Foreign banks are hurting in India after failing to recover globally

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All is not well for foreign banks operating in India.

In the last six months, at least four major foreign banks have faced challenges including trimming down of operations, job cuts, and hive-offs among others. The big names who have recently stumbled are the Royal Bank of Scotland (RBS), Standard Chartered PLC, HSBC, and Espirito Santo Securities.

The UK’s largest government-owned lender RBS said in February that it will close its operations in India and 24 other countries in a bid to lower costs and improve shareholder returns. It will, however, retain its global back office (pdf) in India.

“As part of these changes, we have taken the decision to sell or run down our CIB (corporate and institutional banking) businesses in APAC (Asia Pacific), of which India is a part,” an RBS spokesperson told the Mint newspaper. Globally, the bank is making losses, year after year.

A month earlier, in January, Standard Chartered, with $674 billion (Rs42.3 lakh crore) in total global assets, announced that it will be closing its unprofitable equity sales and research business. This includes its Indian operation.

“The problem is when the global parent is rationalising, they first look at the non-core or non-Euro region banks and that’s why many Indian operations have suffered,” said Ananda Bhoumik, senior director with India Ratings and Research, a Fitch Ratings company.

This is despite the fact that these establishments “continue to see opportunity in the Indian market,” he added.

Nonetheless, Bhoumik predicts that the expansion appetite of global banks in India will be limited through the next decade, even as the domestic banking sector opens up.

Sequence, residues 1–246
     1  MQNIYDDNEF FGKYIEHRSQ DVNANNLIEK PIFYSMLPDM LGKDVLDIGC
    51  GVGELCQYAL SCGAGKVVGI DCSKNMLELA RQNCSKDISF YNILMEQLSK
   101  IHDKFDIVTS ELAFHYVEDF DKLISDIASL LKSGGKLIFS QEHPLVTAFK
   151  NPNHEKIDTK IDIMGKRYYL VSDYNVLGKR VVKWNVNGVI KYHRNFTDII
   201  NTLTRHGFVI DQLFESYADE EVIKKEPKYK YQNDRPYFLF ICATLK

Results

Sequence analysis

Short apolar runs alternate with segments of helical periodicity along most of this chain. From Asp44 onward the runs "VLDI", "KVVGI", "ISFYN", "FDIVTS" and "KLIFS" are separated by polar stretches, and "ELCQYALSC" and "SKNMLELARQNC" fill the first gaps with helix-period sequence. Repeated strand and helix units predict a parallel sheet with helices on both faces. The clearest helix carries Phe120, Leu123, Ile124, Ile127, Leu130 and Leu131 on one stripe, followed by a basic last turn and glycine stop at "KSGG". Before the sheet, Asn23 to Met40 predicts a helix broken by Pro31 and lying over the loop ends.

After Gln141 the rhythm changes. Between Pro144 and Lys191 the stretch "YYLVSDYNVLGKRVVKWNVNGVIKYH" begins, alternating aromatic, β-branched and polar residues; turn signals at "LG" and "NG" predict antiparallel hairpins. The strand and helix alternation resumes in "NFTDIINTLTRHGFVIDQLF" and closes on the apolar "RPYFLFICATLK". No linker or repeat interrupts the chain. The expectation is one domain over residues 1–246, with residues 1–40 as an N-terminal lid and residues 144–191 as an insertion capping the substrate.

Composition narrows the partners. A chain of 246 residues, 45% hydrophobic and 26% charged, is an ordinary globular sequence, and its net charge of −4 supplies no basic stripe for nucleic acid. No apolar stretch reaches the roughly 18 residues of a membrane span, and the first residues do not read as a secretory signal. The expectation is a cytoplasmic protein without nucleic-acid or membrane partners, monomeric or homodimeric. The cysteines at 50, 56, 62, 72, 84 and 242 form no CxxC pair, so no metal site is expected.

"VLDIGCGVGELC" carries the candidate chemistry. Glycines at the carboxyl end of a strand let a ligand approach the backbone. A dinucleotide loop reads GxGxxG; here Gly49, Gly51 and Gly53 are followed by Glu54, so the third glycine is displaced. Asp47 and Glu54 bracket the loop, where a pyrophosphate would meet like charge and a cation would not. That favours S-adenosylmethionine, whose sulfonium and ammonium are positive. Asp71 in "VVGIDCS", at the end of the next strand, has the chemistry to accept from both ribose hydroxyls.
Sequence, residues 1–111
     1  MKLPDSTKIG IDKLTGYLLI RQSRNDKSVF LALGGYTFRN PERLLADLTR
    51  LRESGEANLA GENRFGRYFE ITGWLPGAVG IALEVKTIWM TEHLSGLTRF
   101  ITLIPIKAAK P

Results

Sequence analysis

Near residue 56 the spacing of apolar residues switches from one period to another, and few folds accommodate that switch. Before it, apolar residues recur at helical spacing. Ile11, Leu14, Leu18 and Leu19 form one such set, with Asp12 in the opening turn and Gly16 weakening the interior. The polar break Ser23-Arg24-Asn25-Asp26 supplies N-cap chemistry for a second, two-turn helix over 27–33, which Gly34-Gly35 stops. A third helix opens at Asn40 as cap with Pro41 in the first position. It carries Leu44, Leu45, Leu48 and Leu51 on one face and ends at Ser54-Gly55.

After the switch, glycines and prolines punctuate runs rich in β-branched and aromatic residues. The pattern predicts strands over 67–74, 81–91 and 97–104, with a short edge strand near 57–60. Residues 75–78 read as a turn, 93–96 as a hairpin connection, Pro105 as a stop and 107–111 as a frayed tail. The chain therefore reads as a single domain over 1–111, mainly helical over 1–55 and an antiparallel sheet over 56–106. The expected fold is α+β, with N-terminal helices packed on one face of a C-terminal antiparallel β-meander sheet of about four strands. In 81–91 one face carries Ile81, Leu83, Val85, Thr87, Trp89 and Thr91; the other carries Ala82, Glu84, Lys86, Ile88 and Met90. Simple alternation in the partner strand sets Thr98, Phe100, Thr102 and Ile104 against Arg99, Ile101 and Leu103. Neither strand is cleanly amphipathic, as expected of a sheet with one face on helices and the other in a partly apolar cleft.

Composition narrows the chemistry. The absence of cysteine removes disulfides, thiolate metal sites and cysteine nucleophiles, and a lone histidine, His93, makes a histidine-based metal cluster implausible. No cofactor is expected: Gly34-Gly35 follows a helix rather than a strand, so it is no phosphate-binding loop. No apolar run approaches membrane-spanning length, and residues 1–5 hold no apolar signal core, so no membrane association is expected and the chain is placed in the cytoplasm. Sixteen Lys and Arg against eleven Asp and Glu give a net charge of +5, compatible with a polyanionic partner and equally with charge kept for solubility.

As of March 2013, according to data (pdf) from the Reserve Bank of India (RBI), there are 43 foreign banks in India with 334 offices and 25,384 employees. And it is this workforce that has faced the brunt of the action in recent months.

Employees of banks like HSBC India, for instance, are reported to have foregone a part of their bonus payments for the year. This is in light of the Swiss banking scandal which may result in huge fines by Swiss prosecutors for the bank’s global parent. London-headquartered HSBC has $2.7 trillion (Rs124.4 lakh crore) worth of global assets, with 52% of it outside Europe.

An HSBC India spokesperson did not respond to an email from Quartz.

The last time foreign banks went for huge layoffs in India was in 2012, when many of them were still reeling from the global financial crisis. Citigroup, HSBC, Bank of America Merrill Lynch and Barclays cut jobs to support the financial health of their parent companies.

Meanwhile, others like DBS, are slowing down their lending operations after witnessing a sharp spike in non-performing assets (NPA). The Singapore-based bank’s net NPA shot up to 10.21% of its portfolio for the 2014 fiscal, compared to 2.37% in the year before. DBS is the largest bank by assets in Singapore and one of the largest in Asia.

Foreign banks also haven’t shown appetite for setting up subsidiaries in India, two years after the RBI released a detailed framework. That’s mainly because of complex taxation and regulatory hassles.

Despite their limited presence, relative to India’s massive domestic banking sector, foreign banks are critical for Asia’s third largest economy as it looks to take off after years of sluggish growth.

For one, they make it easier for Indian companies to tap global capital markets, as these firms look to expand beyond domestic operations. And in a sector where large state-run establishments remain dominant, foreign banks also often drive the service and technology innovation. In 1987, for instance, HSBC was the first bank to install an ATM (pdf) in India.